6 out of 10 Koreans support BTS’ alternative military service
Six out of 10 South Koreans support the alternative military service of K-pop sensation BTS, whereas a larger number than that agreed the septet could contribute better by promoting the national prestige through alternative service than by serving active military duty.
According to a survey of 500 adults nationwide by pollster Realmeter, 65.5% of the respondents answered that they agreed the members of BTS should serve alternative military service, whereas 30.2% were against it and 4.3% expressed they weren’t sure.
The poll, conducted on April 14 on some 8,000 people with a response rate of 6.3%, has a margin of error of plus and minus 4.4% points and a 95% confidence level.
The figures showed that the support rate for BTS’ members alternative military service was high in all age groups but especially among those in their 20s and 50s, in which almost 70% supported the idea.
The survey further revealed that 74.9% of the respondents believed BTS members would be able to help improve country’s global standing and the cultural enhancement by serving alternative duty. From the figure, the majority (51.1%) gave an active response that they would “contribute very largely.” Those who responded negatively took up 20.9% while 4.2% said they did not know or weren’t sure.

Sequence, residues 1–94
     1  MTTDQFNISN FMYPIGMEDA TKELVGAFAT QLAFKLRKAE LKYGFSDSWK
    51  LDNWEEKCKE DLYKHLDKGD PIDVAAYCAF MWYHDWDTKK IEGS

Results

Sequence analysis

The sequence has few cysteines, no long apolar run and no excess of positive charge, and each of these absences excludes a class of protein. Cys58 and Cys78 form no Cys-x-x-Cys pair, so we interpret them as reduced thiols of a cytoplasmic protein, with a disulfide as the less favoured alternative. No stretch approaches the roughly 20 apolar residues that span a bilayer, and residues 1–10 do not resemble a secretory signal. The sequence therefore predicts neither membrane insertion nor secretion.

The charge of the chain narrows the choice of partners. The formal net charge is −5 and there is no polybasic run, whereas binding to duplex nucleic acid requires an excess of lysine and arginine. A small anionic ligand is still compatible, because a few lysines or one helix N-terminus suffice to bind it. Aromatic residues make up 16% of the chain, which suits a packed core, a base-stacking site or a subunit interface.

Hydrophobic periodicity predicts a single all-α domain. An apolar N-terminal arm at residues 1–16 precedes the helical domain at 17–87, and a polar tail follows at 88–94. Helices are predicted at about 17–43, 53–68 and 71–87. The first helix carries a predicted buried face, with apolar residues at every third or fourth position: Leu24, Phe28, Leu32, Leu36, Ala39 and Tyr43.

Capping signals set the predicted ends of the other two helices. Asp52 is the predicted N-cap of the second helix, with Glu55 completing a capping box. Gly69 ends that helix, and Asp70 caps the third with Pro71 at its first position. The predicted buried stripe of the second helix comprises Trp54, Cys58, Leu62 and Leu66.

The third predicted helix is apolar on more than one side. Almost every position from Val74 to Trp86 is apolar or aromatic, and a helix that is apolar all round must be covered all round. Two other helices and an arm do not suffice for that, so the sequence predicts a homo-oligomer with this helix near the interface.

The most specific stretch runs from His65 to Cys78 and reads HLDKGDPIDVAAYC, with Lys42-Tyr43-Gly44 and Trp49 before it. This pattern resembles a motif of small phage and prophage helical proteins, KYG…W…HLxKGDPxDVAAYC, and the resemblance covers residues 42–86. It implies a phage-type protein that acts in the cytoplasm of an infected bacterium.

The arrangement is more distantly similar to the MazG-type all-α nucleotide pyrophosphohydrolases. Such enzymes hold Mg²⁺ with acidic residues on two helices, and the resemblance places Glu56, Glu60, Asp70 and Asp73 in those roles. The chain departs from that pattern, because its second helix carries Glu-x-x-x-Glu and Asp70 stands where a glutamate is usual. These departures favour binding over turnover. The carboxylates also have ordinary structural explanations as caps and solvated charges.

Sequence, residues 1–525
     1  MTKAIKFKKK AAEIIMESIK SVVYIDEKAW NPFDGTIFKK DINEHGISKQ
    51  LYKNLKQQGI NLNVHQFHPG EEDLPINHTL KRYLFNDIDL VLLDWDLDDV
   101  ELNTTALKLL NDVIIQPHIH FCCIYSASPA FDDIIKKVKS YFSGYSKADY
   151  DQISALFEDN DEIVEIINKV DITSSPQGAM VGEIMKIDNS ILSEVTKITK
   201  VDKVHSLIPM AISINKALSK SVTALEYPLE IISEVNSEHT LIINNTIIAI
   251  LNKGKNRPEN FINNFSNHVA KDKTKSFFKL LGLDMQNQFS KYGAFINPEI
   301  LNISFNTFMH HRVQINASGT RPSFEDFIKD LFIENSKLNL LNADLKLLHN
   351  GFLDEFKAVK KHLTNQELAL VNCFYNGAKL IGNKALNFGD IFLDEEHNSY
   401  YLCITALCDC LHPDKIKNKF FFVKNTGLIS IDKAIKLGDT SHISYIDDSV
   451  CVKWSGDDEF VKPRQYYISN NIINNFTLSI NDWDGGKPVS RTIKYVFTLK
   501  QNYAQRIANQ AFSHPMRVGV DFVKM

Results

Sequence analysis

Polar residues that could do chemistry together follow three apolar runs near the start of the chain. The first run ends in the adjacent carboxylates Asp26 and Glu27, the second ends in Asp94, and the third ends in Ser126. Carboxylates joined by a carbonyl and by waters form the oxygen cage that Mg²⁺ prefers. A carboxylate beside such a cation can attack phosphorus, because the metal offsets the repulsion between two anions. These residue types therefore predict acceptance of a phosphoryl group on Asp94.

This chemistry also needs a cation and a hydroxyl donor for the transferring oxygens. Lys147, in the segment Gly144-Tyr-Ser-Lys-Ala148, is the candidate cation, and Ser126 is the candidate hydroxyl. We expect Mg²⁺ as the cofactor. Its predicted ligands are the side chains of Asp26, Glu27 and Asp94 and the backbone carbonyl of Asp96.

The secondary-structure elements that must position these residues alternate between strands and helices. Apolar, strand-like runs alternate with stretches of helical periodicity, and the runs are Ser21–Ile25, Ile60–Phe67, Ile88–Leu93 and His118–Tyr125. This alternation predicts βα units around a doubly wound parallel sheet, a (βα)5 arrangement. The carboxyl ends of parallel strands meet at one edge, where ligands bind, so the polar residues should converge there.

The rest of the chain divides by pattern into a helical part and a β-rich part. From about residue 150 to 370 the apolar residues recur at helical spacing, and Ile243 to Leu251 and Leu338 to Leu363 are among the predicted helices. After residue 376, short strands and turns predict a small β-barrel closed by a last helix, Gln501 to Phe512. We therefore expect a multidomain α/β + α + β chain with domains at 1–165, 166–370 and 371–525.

Under the current law, all able-bodied Korean men are obliged to serve in the military for a period a little less than two years. The conscription law allows exemption or alternative duty for those international award-winning athletes and classical musicians at the recommendation of the culture minister.
Last year, a number of South Korean lawmakers proposed a set of bills calling for active duty exemptions to apply to a wider range of artists. This includes pop artists, such as BTS — comprising members Jin, Suga, J-Hope, RM, Jimin, V and Jungkook — who have raised the national reputation in the global music scene by bringing home the nation’s first wins at prestigious music awards, such as the Billboard Music Awards and the American Music Awards, and being nominated to the Grammys twice. The bill is currently pending at the National Assembly.
The related regulation was previously revised in December 2020 to allow leading pop culture artists to postpone service until the age of 30, enabling BTS’ eldest member Jin to postpone his enlistment until Dec. 31.
Meanwhile, Hybe, the agency behind BTS, had recently urged the lawmakers to make a decision on the pending bill. During a press conference conducted during the band’s Las Vegas concert, the company’s chief communication officer Lee Jin-hyeong called for action within this term of the National Assembly.
“If it is passed to the next, this endless discussion will continue, and the uncertainty is weighing on us. Hopefully, the matter is concluded promptly,” Lee had said, adding the seven members are “finding it difficult to deal with the issue” and is currently not meddling with it themselves. JB
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